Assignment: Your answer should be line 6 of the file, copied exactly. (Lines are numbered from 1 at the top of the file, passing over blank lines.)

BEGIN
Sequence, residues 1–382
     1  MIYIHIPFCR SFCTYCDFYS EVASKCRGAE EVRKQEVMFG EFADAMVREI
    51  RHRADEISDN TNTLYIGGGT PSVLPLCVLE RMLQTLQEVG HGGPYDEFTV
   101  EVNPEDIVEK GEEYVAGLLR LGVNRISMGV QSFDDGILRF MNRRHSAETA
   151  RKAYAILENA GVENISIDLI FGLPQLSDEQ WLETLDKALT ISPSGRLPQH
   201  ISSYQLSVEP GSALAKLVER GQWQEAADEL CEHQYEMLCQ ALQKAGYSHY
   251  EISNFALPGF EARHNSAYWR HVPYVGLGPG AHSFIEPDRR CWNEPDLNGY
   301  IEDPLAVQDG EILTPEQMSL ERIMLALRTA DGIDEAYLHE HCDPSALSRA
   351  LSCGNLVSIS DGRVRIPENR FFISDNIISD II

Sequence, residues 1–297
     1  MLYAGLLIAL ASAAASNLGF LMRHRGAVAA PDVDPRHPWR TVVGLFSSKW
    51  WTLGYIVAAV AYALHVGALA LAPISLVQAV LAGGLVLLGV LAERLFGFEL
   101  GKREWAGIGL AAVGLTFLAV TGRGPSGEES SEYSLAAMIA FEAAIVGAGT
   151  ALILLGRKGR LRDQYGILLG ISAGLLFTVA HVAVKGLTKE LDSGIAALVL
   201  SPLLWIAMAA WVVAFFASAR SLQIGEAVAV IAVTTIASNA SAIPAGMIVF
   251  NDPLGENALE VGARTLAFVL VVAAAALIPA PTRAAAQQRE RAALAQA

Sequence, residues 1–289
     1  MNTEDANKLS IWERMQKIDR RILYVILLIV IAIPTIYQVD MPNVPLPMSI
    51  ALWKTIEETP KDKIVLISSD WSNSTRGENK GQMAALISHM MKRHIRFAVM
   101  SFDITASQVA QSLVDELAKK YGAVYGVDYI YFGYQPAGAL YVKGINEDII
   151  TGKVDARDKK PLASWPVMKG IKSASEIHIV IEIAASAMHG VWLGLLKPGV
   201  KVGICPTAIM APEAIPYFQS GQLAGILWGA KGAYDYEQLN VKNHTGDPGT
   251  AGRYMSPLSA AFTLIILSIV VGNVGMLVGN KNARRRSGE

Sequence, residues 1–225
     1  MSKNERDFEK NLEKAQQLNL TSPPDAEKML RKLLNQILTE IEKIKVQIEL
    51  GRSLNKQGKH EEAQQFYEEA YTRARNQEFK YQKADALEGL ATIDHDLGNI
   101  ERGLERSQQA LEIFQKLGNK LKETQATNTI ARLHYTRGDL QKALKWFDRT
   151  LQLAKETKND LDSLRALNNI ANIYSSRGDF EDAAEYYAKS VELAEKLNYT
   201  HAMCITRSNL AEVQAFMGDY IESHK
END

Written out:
   201  ISSYQLSVEP GSALAKLVER GQWQEAADEL CEHQYEMLCQ ALQKAGYSHY